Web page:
Technical consultation on the Infrastructure Levy - Law Society response

We've responded to a government consultation on proposed changes to the current system of developer contributions.

The Department for Levelling Up, Housing and Communities' consultation sought views on the Infrastructure Levy.

The Infrastructure Levy is a reform to the current system of developer contributions (Section 106 planning obligations of the Town and Country Planning Act 1990).

It replaces the current system with a mandatory and streamlined Infrastructure Levy.


Our response in the technical consultation papers includes:

  • recommendations against the prospect of communities having development imposed on them, without securing that the money collected by local authorities is spent on benefits for those communities affected rather than diverted to fund ordinary services (or potentially never spent at all)
  • recommendations to ensure that communities who could be adversely impacted can challenge the operation of the scheme. The proposals change the scheme from being a local, accessible process to being centrally controlled. This may mean that communities are excluded from the process which resolves disputes between local authorities and developers. Therefore vulnerable and disadvantaged communities may be disproportionately affected impacting access to justice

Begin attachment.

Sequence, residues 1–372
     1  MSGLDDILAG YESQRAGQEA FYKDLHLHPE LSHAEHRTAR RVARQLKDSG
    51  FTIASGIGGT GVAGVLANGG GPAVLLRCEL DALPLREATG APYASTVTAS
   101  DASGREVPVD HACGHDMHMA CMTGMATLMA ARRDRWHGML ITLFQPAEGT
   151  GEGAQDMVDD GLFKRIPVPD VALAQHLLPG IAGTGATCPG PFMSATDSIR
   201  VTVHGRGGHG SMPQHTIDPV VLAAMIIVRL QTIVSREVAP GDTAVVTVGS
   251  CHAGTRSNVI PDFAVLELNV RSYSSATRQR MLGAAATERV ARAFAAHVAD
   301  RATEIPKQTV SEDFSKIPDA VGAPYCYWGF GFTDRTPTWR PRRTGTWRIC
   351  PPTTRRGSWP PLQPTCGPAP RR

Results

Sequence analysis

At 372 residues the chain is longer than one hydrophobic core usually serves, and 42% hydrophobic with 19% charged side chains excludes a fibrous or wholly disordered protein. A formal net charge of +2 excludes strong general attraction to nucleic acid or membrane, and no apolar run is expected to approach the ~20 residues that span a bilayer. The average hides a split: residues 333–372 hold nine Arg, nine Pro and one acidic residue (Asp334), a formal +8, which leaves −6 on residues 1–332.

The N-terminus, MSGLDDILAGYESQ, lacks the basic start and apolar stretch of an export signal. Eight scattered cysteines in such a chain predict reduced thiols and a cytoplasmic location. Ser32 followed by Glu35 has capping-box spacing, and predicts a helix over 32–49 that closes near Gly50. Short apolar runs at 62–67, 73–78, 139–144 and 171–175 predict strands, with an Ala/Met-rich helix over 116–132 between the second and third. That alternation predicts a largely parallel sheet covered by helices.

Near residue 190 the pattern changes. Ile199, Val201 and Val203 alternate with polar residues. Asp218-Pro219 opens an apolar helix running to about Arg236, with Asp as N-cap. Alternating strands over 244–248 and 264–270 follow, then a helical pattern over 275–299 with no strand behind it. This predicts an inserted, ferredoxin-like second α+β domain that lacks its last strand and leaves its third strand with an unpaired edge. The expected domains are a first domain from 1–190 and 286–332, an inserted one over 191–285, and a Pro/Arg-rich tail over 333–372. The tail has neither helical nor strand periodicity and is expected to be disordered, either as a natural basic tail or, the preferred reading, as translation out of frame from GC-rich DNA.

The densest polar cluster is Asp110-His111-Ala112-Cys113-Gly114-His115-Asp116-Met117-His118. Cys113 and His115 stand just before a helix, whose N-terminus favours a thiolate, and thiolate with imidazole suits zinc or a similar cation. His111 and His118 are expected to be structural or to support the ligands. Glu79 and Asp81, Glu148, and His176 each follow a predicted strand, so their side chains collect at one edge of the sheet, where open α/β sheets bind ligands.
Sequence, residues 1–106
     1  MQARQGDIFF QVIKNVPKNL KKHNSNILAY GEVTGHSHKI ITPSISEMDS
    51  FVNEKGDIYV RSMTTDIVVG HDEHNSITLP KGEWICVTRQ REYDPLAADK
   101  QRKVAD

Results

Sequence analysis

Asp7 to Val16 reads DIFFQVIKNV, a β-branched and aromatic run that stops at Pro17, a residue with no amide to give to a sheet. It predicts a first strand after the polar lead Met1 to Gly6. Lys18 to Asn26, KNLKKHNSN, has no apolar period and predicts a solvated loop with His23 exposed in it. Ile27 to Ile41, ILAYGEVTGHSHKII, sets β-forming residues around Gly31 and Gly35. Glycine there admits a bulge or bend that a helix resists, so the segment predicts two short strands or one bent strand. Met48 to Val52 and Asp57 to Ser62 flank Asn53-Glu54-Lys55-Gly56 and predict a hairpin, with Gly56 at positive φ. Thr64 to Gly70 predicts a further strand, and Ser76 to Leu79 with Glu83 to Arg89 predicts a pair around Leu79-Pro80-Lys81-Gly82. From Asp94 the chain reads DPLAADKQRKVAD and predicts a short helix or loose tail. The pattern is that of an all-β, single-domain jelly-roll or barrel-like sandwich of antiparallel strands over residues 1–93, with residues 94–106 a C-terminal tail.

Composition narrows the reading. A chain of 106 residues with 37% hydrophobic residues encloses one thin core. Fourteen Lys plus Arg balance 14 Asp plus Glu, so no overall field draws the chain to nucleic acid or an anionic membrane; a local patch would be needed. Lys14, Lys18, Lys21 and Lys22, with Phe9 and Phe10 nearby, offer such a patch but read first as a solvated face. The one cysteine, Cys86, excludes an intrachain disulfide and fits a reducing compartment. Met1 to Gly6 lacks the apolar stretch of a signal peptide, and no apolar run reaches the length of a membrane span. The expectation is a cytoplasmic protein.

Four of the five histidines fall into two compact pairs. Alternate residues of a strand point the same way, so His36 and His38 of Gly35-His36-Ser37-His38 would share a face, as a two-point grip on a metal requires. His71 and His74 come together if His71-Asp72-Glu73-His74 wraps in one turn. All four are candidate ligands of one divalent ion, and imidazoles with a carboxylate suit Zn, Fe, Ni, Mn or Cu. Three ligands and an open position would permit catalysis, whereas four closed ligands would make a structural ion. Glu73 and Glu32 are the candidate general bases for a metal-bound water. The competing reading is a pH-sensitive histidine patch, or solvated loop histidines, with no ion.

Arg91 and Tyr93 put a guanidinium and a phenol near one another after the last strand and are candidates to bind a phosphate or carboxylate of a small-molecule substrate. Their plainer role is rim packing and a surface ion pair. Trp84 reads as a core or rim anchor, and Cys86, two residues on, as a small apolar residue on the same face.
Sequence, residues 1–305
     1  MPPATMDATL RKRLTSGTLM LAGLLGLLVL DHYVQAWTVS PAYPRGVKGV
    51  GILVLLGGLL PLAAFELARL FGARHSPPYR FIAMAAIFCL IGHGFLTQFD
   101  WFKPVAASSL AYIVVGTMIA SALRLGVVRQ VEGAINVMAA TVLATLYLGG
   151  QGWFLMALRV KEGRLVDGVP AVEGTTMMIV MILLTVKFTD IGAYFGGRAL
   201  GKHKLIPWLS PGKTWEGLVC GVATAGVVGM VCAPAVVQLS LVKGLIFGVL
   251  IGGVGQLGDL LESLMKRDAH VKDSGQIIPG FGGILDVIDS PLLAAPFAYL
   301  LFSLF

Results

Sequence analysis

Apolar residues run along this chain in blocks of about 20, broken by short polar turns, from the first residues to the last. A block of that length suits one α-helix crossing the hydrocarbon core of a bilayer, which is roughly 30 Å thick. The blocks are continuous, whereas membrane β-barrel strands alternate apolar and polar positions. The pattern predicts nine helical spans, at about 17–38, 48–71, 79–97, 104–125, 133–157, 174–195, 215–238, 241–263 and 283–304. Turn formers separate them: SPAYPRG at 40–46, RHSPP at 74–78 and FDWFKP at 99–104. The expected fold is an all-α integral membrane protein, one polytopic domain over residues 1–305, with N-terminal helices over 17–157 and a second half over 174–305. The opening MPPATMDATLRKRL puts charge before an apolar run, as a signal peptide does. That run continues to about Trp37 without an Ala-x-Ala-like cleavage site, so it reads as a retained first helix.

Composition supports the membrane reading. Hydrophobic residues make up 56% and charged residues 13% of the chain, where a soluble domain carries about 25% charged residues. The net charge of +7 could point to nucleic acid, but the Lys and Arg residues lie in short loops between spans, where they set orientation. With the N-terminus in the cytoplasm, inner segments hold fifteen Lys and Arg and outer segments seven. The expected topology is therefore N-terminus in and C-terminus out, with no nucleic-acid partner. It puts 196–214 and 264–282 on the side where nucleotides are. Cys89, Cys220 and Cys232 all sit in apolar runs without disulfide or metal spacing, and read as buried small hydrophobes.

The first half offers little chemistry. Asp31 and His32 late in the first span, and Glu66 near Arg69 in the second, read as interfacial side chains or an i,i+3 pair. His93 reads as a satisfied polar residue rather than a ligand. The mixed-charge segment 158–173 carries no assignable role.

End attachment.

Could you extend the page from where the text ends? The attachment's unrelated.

• there is a need for clarity as to what an “integral” infrastructure is – this needs to be predictable, certain and consistent between different authorities. Without this, the aim of removing “a substantial area of negotiation” will not be achieved
  • the thresholds set for the ‘infrastructure in-kind' are all too high which could affect the viability of smaller schemes
  • in defining the use of section 106 within the three routeways the consultation does not mention how issues would be addressed to enable requirements currently dealt with via planning conditions. This creates risks
  • charging the Levy on final sale gross development value of a scheme may have practical issues. This approach has the scope for extensive gamesmanship which may undermine the whole system
  • it is flawed to calculate contributions based solely on movement in gross development value. This is because, without also taking into account shifting costs, large payments may be generated without there being any profit to pay them with
  • the strategic spending plan does not address the disconnect between the community infrastructure levy, the payment of contributions by developers and the delivery of the relevant infrastructure

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